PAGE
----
The latest round of declassified files from The National Archives (TNA) at Kew, south-west London, released last Friday (30th December), offer some further fascinating insights into Margaret Thatcher’s time as Prime Minister (PM) in the 1980s. The files, which mainly cover the period 1989-90, throw new light on the twilight years of her premiership, including her foreign policy outlook.
In particular, the files appear to confirm the longstanding suspicion of a number of historians (which I happen to share) that Mrs. Thatcher held some notably negative, and arguably xenophobic, personal stereotypes about ‘foreigners’, especially the Germans and the German ‘character’, prejudices that inevitably impacted on her public policy towards Europe and German reunification in 1989-90.
I think it is no exaggeration to say that Mrs. Thatcher was always deeply interested in history and, as a young schoolgirl, she had read and enjoyed the pro-Empire works of writers such as Rudyard Kipling. According to her biographers, she was also especially impressed with Robert Bruce-Lockhart’s book Guns or Butter (1938), a strong critique of appeasement, and also a book that she apparently borrowed a number of times from her local library in Grantham.
Unsurprisingly, one of her great heroes was also Sir Winston Churchill. Later in her own political career, perhaps to reinforce her reputation as a Churchillian-style ‘conviction’ politician, and via a highly selective reading of the past, it was quite striking how Mrs. Thatcher regularly referenced the great events of British and European history (most notably the Second World War) in her speeches and political rhetoric. Much of this involved proclaiming how Britain’s destiny lay in being ‘great’ again, or how important it was that the UK should never ‘appease’ dictators (whether Russian Communist, Argentinian, or even the ‘enemy within’ i.e. trade union ‘barons’). And, as with a number of other PMs in the British past, it would appear that Thatcher liked to have her private prejudices confirmed by her own favourite ‘inner circle’ of advisors and experts, including a number of historians.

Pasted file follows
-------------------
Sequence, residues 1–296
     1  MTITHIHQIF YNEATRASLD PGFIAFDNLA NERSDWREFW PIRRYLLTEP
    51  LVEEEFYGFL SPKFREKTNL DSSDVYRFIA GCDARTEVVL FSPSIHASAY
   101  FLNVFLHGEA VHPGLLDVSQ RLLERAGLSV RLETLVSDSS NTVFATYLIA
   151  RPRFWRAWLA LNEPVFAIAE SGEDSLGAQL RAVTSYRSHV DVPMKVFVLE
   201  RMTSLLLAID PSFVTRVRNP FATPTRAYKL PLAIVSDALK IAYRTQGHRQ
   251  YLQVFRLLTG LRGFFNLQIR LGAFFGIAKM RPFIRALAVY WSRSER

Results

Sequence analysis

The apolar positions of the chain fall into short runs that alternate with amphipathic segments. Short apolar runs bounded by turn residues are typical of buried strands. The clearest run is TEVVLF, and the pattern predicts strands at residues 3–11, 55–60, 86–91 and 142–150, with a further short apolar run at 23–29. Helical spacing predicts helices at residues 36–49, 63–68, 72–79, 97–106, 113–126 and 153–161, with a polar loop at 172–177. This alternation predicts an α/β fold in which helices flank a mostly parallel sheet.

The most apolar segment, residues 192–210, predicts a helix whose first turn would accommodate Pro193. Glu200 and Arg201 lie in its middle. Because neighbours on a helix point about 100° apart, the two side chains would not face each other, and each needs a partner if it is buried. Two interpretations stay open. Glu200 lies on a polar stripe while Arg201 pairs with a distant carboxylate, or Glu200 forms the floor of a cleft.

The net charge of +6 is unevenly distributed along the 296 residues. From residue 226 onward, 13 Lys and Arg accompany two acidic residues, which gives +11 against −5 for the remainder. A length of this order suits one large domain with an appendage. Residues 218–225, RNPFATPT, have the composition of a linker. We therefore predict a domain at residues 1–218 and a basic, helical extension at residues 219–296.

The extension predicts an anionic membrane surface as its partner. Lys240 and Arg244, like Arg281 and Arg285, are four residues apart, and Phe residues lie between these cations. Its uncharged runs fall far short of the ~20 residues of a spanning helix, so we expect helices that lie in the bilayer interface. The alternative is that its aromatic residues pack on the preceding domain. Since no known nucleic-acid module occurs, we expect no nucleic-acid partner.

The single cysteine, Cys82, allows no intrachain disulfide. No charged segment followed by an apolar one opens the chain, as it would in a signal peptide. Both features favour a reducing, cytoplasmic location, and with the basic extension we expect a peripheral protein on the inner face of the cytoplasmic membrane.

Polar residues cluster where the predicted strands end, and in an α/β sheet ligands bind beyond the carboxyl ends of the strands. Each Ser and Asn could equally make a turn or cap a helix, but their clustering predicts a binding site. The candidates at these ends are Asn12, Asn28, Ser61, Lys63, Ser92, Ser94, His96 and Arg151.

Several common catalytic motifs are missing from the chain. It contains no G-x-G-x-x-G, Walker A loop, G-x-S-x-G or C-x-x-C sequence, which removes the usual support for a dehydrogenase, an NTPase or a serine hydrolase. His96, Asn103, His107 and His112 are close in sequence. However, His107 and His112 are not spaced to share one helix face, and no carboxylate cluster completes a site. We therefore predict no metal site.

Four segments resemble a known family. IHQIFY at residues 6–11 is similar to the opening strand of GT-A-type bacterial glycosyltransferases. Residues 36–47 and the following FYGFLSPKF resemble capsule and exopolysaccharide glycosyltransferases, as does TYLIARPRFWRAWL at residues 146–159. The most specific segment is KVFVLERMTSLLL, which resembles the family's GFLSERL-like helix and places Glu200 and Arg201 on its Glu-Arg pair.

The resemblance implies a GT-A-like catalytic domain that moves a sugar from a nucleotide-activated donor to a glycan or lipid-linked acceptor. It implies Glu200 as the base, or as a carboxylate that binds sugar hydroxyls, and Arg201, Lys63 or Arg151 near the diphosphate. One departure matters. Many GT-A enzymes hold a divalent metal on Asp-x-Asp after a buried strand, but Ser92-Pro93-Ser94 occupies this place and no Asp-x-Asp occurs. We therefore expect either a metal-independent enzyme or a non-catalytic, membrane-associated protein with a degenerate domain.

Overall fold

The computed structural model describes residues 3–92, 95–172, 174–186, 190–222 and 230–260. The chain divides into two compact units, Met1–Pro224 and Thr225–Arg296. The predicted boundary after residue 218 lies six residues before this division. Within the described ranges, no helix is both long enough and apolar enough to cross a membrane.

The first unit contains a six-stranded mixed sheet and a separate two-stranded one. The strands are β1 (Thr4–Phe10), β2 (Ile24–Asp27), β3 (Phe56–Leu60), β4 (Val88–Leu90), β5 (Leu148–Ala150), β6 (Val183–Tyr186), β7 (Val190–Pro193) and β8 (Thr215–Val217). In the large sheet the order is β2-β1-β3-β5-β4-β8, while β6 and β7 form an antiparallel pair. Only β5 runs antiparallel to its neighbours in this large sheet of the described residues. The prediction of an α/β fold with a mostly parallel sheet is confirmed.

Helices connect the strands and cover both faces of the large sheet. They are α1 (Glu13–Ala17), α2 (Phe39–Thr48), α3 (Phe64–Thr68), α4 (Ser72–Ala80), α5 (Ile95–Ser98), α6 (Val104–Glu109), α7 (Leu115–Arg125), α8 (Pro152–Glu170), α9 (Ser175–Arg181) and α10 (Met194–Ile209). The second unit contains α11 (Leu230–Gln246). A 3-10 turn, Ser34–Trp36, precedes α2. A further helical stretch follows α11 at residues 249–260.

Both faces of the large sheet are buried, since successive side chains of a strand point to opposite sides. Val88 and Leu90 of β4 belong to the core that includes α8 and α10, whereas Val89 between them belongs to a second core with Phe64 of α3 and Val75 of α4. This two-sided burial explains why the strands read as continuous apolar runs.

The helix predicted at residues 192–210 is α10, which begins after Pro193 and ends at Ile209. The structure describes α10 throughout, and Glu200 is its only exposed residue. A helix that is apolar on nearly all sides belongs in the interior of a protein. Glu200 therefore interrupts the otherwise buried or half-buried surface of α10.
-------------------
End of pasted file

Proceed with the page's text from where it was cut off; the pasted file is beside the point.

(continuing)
Significantly, in July, 1990, a government Memo was leaked to the British newspaper The Independent on Sunday about a (now quite notorious) confidential meeting that Mrs. Thatcher and her Foreign Secretary Douglas Hurd had quietly convened at Chequers, the PM’s official country house. Held in March that year, the secret seminar had been on the subject of Germany and the pros and cons of German reunification, and whether certain features of the German ‘character’ had changed or remained the same. The leaking of the Memo and its contents proved highly embarrassing for the government, as this was just days after Nicholas Ridley, a close Cabinet colleague of the PM, had given a very controversial interview to the Spectator where he had suggested that the proposed European Monetary Union (EMU) had become ‘a German racket designed to take over the whole of Europe’, and made a number of other dubious claims about the Germans, ideas which appeared to echo Thatcher’s own views.